M. de Charlus would no doubt have forgiven me my lack of gratitude. But what made him furious was that my presence that evening at the Princesse de Guermantes’s, as for some little time past at her cousin’s, seemed to make a mockery of his solemn declaration, “The only entrée to those salons is through me.” A grave fault, an inexpiable crime perhaps: I had not followed the hierarchical path. M. de Charlus well knew that the thunderbolts that he brandished at those who did not submit to his commands, or to whom he had taken a strong dislike, were beginning to pass, in the eyes of many, and however much fury he put into them, for thunderbolts of cardboard, and no longer had the strength to expel anyone from anywhere. But perhaps he thought that his power, although diminished, was still great and remained intact in the eyes of a novice such as myself. So I did not consider it the wisest course to ask a service of him at a party where my mere presence seemed like an ironic challenge to his pretensions.
At which moment I was stopped by a somewhat vulgar man, Professor E——. He had been surprised to see me at the Guermantes’. I was no less so to find him there, for never before, and never again subsequently, had a person of his sort been seen at the Princesse’s. He had just cured the Prince, who had already received the last rites, of an infectious pneumonia, and the very particular gratitude that Mme de Guermantes felt toward him for this was the reason why they had broken with custom and invited him. Since he knew absolutely no one in these drawing rooms and could not prowl about there indefinitely on his own like a minister of death, having recognized me, he had felt that, for the first time in his life, he had infinitely many things to say to me, which enabled him to keep in countenance and was one of the reasons why he had come toward me. There was a second reason. He attached great importance to never being mistaken in a diagnosis. Now, so many letters did he receive that he could not always remember clearly, when he had only seen a patient once, whether the illness had indeed followed the course he had assigned to it. It has not been forgotten perhaps that, at the time of my grandmother’s stroke, I had taken her round to him on the evening when he was having all those decorations sewn on. Some time having elapsed, he no longer remembered the announcement he had been sent at the time. “Madame your grandmother is indeed dead, is she not?” he said to me, in a voice in which near certainty had stilled a slight apprehensiveness. “Ah, indeed! Anyway, from the very first moment I saw her, my prognosis was altogether gloomy, I remember very well.”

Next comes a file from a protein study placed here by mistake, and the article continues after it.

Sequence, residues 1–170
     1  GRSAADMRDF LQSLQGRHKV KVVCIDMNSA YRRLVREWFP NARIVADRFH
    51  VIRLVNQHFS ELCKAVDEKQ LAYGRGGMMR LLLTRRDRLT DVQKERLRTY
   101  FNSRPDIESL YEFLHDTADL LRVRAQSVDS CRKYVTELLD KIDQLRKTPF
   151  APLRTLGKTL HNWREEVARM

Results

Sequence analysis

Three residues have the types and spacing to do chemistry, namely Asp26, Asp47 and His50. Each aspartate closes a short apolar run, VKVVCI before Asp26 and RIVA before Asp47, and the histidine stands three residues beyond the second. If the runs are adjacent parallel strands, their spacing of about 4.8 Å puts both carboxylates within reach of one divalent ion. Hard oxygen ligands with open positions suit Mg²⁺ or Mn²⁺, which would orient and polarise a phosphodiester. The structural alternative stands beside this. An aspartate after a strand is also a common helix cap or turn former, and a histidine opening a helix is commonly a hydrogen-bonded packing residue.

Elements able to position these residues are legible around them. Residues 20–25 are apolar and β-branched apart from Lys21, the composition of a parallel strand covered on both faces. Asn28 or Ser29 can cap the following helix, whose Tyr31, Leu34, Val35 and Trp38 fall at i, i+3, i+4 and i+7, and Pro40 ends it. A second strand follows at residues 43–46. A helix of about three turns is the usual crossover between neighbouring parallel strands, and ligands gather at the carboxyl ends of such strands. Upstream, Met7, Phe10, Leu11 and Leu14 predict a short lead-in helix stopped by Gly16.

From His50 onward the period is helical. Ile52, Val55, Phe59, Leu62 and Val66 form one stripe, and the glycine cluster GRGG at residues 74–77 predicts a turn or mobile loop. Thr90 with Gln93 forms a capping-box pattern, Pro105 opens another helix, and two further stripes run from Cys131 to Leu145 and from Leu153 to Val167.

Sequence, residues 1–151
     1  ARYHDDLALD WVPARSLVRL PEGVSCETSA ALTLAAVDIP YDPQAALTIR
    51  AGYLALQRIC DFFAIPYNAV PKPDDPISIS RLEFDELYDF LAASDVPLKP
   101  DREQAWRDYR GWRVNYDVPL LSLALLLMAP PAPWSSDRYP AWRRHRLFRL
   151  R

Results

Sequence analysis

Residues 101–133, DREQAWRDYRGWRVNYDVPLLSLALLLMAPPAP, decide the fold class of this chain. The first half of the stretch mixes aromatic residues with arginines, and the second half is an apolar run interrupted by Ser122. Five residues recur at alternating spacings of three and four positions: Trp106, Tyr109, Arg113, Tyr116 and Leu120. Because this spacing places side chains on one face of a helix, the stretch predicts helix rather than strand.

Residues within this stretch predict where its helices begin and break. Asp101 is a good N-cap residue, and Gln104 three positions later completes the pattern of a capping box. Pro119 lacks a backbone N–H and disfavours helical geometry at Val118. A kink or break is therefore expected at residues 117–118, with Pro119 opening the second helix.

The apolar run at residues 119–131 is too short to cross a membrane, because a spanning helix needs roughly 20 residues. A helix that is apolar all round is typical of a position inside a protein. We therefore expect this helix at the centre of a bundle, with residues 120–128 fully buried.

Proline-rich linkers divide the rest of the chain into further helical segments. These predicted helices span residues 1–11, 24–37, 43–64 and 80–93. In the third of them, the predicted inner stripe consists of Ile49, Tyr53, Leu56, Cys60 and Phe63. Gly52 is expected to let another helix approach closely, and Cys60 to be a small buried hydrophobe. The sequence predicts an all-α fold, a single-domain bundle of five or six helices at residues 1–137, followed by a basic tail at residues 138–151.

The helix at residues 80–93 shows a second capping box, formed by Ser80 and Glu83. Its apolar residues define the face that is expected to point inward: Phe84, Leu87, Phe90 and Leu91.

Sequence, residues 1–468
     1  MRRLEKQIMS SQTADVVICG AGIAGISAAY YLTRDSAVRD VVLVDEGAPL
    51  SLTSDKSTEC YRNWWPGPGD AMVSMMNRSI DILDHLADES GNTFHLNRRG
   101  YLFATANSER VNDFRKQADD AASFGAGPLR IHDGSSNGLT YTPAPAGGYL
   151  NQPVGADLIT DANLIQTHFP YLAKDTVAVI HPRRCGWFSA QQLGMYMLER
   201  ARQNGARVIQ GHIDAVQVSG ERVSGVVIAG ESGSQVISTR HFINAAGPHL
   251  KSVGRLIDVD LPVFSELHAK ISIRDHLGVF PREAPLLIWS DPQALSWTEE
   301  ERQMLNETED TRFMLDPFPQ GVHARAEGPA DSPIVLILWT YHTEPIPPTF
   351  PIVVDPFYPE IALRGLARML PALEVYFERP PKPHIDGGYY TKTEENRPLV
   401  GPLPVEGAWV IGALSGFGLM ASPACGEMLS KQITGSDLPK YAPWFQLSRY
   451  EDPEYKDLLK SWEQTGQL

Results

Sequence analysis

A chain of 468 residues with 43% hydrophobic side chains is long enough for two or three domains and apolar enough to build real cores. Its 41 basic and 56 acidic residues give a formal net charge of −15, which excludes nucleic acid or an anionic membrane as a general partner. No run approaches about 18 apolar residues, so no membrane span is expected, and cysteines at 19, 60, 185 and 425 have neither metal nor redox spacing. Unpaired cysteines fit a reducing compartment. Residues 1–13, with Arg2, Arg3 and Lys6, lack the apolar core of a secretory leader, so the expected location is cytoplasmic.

Thus it was that Professor E—— learned or relearned of my grandmother’s death, and I have to say to his credit, which is that of the medical body as a whole, without manifesting, or perhaps feeling, any satisfaction. The mistakes of doctors are innumerable. They err as a rule out of optimism as to the treatment, and pessimism as to the outcome. “Wine? In moderation it can’t do you any harm, it’s a tonic when all’s said and done.... Physical pleasure? It’s a function, after all. I permit it, but not to be overdone, you understand. Excess of any kind is a mistake.” What a temptation all of a sudden for the patient to give up those two resuscitators, water and chastity! If, on the other hand, you have a heart or an albumin problem, or something of the kind, then there is not long to go. Grave but functional troubles are readily ascribed to an imaginary cancer. There is no point in keeping on with visits that could never stay an ineluctable disease. Should the patient, left to his own devices, now impose an implacable regimen on himself, and then be cured or at the very least survive, the doctor, greeted by him on the Avenue de l’Opéra when he thought him long since in the Père-Lachaise, will see in this tipping of the hat a gesture of sarcastic insolence. An innocent walk taken under his very nose would arouse no greater fury in the Assize Court judge who, two years before, had pronounced sentence of death on the seemingly fearless stroller. Doctors (this does not apply to all of them, naturally, and I do not omit, mentally, some admirable exceptions) are in general more disgruntled, more irritated by the quashing of their verdict than joyful at its execution. Which explains why Professor E——, whatever intellectual satisfaction he will have felt no doubt at finding he had not been mistaken, was able to speak only with sadness of the misfortune that had struck us. He was not keen to cut short the conversation, which was keeping him in countenance and was a reason for staying. He spoke to me of the heat wave we had been having in recent days, but although he was literate and could have expressed himself in good French, he said, “This hyperthermia doesn’t upset you?” The fact is that medicine has made some small progress in knowledge since Molière, but none in its vocabulary. My interlocutor added: “What you need to do is to avoid the sudations weather like this causes, especially in overheated drawing rooms. You can remedy them, when you return home and want something to drink, by heat”—which means, obviously, hot drinks.
Because of the manner of my grandmother’s death, the subject interested me, and I had recently read in a book by a great scientist that perspiration harmed the kidneys by causing what should issue elsewhere to pass through the skin. I had deplored the canicular weather during which my grandmother died, and had come close to holding it responsible. I made no mention of this to Dr. E——, but he said without being prompted, “The advantage of this very hot weather, when perspiration is very abundant, is that the kidney is correspondingly relieved.” Medicine is not an exact science.